Though America is not yet at war, there is a good chance that war will come. How has the Internet and the World Wide Web changed the way nations go to war?
First, it has allowed a much broader access to information so that people can find many sources for news. It has made the world smaller and allowed us to know what others are thinking and saying about the war. For example, this morning I can read news of the war from the BBC in the UK, from Canada, from New Zealand, from the Czech Republic, or from Pakistan.
In addition to reviewing news from around the world, I can also read information directly from the US Administration. For example, here is a transcript of remarks on the war recently made by the President in St. Louis. This allows them to take their case directly to the people. It also provides the people an opportunity to determine exactly what the President’s case for war is. By reading the transcripts of the President’s remarks, people can make up their own mind.
And if people agree or disagree with the President, letting him (or their representatives) know about it is simple as well. In addition to its other activities, Common Cause provides one way for any citizen to easily compose and send e-mail or faxes to their Representatives and Senators. This short feedback loop allows members of Congress to learn firsthand the feelings of the voters.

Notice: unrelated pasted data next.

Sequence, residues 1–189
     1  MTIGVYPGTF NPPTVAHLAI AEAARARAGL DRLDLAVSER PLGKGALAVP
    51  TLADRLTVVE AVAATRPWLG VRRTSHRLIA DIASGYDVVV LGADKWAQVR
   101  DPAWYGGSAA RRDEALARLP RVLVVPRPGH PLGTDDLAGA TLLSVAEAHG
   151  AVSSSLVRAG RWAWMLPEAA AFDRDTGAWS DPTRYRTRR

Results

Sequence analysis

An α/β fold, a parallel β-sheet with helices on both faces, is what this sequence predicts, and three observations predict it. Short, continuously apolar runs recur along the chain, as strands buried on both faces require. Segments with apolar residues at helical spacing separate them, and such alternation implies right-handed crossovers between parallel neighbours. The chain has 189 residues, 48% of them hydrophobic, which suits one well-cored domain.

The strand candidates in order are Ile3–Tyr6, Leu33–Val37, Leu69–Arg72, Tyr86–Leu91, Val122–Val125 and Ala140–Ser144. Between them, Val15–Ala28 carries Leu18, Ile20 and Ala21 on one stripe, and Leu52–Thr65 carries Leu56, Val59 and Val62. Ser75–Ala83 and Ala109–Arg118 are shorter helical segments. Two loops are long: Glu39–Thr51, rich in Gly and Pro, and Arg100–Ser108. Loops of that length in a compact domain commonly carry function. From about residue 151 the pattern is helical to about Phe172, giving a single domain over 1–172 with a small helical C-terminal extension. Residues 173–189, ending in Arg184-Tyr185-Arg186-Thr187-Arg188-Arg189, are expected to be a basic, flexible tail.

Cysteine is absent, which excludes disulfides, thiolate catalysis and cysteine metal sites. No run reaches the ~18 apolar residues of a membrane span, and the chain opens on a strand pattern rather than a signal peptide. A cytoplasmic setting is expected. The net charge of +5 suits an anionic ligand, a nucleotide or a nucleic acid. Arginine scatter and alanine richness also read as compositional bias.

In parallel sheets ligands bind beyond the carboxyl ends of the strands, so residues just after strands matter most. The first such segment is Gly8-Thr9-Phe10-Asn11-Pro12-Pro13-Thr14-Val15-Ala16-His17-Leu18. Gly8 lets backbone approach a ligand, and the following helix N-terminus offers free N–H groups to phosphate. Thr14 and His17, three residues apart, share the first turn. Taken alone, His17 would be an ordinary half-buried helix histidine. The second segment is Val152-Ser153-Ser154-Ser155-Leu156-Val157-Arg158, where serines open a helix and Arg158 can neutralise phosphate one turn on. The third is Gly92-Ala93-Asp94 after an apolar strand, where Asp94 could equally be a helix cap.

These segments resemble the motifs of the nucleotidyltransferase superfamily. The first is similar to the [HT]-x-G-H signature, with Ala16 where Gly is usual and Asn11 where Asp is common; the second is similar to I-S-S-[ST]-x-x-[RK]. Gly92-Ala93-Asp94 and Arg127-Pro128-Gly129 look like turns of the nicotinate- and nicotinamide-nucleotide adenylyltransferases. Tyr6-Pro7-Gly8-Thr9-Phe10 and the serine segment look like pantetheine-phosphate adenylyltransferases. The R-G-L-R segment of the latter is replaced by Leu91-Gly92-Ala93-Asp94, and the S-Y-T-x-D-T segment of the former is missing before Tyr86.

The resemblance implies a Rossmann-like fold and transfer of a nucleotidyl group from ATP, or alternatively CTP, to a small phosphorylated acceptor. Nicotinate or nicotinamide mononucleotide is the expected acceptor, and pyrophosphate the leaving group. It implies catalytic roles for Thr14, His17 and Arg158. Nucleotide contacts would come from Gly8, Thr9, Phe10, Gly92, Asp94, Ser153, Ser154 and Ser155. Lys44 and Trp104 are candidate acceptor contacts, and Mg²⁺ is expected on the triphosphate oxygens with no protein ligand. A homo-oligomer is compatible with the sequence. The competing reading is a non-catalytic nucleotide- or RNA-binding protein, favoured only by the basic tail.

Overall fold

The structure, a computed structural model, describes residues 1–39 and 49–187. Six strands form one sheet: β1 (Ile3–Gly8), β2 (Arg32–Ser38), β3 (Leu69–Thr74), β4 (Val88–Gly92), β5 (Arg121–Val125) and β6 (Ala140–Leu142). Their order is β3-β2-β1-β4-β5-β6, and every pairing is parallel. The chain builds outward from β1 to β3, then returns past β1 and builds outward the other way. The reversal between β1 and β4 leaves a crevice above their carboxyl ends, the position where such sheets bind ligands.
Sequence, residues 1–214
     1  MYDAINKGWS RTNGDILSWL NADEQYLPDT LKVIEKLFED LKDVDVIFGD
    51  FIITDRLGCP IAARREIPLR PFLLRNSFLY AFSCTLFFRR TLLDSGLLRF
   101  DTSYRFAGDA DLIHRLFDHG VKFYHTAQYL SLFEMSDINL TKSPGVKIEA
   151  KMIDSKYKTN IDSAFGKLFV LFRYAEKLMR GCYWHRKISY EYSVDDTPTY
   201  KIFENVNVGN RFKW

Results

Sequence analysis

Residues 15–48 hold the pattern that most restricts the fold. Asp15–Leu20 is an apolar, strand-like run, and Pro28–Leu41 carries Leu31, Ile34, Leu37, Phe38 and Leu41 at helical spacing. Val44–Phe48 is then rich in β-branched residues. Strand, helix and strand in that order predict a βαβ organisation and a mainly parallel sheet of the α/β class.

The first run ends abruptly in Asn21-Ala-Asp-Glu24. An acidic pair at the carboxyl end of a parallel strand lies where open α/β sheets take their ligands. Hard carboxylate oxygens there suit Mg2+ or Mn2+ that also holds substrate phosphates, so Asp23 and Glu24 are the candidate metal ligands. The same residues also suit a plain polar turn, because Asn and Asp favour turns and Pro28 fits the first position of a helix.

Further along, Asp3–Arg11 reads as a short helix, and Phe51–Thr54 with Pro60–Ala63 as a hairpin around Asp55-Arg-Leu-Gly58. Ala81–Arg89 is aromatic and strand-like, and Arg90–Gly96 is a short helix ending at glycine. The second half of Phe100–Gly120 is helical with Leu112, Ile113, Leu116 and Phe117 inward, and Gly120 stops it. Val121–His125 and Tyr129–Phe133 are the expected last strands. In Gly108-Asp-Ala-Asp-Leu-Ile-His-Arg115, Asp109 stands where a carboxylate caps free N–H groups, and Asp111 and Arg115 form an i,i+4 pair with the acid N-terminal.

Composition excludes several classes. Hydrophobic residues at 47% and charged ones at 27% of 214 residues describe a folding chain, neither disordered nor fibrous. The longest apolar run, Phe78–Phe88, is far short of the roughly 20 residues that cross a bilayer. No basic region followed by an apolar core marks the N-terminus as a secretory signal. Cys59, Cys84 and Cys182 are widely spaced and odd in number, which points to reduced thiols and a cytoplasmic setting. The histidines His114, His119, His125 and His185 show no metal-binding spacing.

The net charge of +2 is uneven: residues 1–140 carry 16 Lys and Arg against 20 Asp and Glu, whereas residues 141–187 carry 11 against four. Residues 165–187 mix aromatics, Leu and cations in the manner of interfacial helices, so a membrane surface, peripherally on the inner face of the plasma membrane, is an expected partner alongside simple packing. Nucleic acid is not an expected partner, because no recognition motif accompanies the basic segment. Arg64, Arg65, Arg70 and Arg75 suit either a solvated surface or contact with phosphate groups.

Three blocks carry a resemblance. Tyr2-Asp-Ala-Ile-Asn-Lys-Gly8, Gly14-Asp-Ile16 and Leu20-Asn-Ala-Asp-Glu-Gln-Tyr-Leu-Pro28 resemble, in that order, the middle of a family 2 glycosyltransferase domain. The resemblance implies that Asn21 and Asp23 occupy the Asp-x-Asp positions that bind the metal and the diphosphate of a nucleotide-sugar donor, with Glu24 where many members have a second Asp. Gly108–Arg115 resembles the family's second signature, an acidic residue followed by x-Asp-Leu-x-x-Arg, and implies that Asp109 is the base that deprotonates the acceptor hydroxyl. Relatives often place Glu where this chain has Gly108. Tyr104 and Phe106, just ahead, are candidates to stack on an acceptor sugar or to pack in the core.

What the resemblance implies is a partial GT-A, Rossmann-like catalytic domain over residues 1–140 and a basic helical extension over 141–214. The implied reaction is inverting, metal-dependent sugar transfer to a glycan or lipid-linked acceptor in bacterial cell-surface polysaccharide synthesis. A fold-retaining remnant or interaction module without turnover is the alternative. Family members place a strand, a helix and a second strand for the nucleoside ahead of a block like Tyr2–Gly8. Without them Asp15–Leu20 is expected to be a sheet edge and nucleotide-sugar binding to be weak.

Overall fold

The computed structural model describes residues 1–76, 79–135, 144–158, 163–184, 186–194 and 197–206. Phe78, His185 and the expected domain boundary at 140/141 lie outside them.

And as it always has, the Internet provides a great opportunity for ‘communities’ to spring up. For example, the Move On oganization in a relatively short time has gathered over 700,000 members that are banding together in protest against the war. Using only the Internet they raised over $400,000 to air TV ads around the country. In a single day of fund raising, they also raised enough money to run a pro-peace TV commercial during the Superbowl. Imagine any non-profit attempting to raise that kind of money from small donations in a single day before the Internet existed. It just wasn’t possible. Another example is International ANSWER. They were able to organize mass demonstrations in Washington, DC and San Francisco using the Internet. They literally organized bus trips to the demonstrations from over 100 US cities using the Internet.
In many ways, this is a history making moment. But given the dynamic nature of the Internet, how much of this ‘content’ will be retained? Years from now, will these stories be available and part of the record of history? Who will capture the news stories, the presidential remarks, the organizing e-mails, the editorials and (yes) even the Weblogs that make up this dynamic story?
We have an opportunity to have history write itself. If we capture and save the news stories, remarks and organizing e-mails, then later generations will have the best account ever created for what actually happened in the run up to a war. (And if there is no war, then the Internet will have played a big role in preventing it.)
Who will save the Internet content that is part of this historic moment for posterity?